6. During the cake cut, I extricated a small but exceptionally persistent boy from the scene - and therefore from the photographs - by handing him a microphone and encouraging him to turn it on and play with it. By the time he realized that the microphone was never going to work, the cake cut was complete and the problem had been averted.
  7. I brought a drink to a father who had been sitting in the same chair for more than two hours with his sleeping toddler flower girl draped over his shoulders. The look of gratitude on that man's face was priceless.
  8. I brought the father of the bride his jacket and suggested that he wear it just prior to his dance with his daughter. He thanked me profusely later in the night. 
  9. I extricated the bride and groom from a lengthy conversation with a "friend of the family" - which often means a friend of the mother and father - by recognizing their desire to escape and providing them with an excuse to do so. The looks of gratitude on their faces were even better.

And yes, I played the music, too. It went well. I actually closed out the evening with a series of six well chosen songs that packed the dance floor, including Sweet Caroline, Jessie's Girl, and Don't Stop Believin'.

I would've normally played popular songs from the previous year at the end of the wedding, but I recognized early on that this was a sing-along crowd, meaning they were the kind of people who liked to sing on the dance floor as much as they liked to dance. As a result, I ditched the latest Katy Perry and Meghan Trainor songs in favor of more lyrically ubiquitous tunes. It worked perfectly.  

Music matters. It's just the easy part. 

Despite our best efforts to retire, we have already booked two weddings for 2016 and more are likely on the way. We no longer advertise or even maintain a real website, but we're the preferred vendor at two of our favorite wedding venues, so we continue to book weddings via these vendor lists. Otherwise, brides and grooms need to know us and be referred to us by a former client or friend in order to book us.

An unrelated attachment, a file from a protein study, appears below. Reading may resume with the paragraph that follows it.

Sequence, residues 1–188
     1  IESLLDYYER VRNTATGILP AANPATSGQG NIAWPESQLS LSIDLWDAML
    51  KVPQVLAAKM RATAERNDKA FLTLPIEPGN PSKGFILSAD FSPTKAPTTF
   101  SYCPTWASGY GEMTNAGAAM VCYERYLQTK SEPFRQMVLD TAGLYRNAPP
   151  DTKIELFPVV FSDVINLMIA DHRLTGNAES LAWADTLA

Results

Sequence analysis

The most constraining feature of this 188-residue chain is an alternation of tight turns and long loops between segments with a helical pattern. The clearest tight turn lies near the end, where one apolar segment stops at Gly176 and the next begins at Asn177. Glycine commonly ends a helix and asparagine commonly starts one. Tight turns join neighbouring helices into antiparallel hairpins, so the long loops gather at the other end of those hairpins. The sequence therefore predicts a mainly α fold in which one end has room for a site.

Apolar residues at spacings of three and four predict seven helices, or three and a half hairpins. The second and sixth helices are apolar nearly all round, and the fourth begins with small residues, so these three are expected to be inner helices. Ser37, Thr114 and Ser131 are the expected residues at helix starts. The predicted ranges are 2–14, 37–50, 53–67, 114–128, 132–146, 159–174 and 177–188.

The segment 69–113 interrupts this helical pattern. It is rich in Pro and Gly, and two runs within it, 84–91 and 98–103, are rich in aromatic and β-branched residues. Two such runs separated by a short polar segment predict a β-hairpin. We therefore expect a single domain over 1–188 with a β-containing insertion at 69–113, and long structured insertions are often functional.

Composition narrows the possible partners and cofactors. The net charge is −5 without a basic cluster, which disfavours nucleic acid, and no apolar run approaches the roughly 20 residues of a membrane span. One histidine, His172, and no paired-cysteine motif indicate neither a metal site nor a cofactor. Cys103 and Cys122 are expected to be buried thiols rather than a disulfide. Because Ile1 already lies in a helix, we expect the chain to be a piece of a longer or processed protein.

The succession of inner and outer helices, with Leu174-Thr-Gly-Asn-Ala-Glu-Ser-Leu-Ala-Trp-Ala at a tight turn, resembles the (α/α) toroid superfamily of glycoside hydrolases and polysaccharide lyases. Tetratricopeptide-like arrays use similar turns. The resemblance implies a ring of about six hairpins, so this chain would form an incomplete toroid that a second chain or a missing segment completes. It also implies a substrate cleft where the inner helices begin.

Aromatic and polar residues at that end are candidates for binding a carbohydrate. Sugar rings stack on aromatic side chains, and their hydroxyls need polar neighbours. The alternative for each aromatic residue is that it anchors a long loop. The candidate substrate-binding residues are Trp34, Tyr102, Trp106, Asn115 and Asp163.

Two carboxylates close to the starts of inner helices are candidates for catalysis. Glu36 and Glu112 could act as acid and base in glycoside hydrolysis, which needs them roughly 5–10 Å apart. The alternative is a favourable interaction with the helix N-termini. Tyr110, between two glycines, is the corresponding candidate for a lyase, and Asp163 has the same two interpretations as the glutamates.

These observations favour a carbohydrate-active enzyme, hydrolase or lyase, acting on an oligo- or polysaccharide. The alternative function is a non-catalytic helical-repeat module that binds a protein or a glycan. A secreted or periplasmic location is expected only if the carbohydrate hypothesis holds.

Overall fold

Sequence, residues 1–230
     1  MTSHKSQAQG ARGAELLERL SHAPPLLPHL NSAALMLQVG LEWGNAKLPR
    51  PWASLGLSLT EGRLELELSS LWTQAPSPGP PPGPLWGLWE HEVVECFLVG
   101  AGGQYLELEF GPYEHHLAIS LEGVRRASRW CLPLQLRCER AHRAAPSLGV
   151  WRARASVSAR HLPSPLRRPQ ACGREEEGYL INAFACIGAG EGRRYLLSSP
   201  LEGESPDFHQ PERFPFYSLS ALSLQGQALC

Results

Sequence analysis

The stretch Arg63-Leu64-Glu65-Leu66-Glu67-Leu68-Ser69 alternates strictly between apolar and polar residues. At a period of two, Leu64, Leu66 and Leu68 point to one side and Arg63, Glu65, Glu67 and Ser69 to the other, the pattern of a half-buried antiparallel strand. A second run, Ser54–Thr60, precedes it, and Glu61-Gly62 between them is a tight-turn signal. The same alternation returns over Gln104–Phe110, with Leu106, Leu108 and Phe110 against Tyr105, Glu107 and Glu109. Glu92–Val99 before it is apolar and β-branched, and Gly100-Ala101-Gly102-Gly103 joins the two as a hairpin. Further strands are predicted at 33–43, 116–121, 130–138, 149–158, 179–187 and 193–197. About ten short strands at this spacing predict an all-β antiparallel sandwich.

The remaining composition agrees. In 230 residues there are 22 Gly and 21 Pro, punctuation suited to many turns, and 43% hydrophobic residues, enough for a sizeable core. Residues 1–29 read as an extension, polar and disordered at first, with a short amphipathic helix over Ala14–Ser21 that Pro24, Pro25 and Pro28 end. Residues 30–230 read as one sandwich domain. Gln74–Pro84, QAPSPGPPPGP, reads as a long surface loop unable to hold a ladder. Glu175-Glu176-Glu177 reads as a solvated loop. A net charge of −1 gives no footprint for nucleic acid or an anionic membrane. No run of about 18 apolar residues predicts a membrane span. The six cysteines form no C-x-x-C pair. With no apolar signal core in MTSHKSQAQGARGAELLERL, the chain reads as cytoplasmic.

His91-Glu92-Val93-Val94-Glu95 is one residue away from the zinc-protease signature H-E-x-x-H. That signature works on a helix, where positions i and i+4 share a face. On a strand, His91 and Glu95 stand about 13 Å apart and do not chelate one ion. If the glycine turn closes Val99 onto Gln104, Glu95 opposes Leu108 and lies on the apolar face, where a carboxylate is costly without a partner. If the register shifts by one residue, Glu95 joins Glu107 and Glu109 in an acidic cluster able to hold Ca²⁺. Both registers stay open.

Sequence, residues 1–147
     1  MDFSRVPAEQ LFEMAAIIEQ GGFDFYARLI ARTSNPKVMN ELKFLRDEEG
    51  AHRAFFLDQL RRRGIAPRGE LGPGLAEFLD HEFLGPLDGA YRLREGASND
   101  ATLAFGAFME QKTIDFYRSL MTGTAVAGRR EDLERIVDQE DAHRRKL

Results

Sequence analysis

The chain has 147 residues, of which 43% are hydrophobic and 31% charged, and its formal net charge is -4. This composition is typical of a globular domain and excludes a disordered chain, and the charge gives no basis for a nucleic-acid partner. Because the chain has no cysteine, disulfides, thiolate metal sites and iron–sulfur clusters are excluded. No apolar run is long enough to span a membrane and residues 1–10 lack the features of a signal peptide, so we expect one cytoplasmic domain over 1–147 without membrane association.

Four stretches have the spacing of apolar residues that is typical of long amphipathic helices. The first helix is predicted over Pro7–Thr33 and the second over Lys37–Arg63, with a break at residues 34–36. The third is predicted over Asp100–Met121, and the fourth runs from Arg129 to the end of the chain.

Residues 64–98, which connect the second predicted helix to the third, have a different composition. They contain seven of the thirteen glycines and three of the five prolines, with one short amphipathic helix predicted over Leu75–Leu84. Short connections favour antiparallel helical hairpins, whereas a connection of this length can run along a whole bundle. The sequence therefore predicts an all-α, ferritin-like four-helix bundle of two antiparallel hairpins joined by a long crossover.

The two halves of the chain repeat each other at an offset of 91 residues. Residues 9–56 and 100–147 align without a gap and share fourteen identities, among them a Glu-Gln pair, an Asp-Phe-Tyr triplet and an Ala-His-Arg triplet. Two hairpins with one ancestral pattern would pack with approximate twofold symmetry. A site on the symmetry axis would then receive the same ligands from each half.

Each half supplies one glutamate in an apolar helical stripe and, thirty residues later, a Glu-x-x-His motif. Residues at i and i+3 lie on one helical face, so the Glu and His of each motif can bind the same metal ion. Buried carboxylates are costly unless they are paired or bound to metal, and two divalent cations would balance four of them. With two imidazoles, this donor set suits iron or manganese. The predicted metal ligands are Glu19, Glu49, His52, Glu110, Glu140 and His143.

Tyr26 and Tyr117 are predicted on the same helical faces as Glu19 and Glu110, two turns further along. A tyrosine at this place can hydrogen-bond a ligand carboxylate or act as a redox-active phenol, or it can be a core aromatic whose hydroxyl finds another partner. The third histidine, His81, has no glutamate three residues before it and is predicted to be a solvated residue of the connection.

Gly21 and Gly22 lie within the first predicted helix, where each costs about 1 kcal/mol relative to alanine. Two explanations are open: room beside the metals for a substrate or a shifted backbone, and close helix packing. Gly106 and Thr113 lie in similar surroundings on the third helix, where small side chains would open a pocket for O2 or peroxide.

It's not the 40-60 weddings a year that we once did. Instead, it's half a dozen Friday or Saturday nights spent with my best friend doing something that we have become quite good at over the course of two decades. 

And mostly because of the little things that we do to make the wedding day a little better for everyone involved.  

Wedding advice: No impromptu toasts.

Wedding season is upon us. On Saturday my partner and I will begin our 19th season as wedding DJs.

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When we started back in 1996, we still had a cassette deck in our rig and had no cell phone, laptop, or GPS.

I don’t know how we did it. 

Almost two decades later, I’ve learned a great deal about the mechanics and etiquette of a wedding. Throughout the 2015 wedding season, I’ll pass on some of my hard earned wisdom from time to time, and if you have a question related to weddings, please feel free to ask.

Today’s topic:

Impromptu toasts.


My advice:   

As charming as an impromptu toast may seem, it’s not. Don’t do it. There are several reasons for this: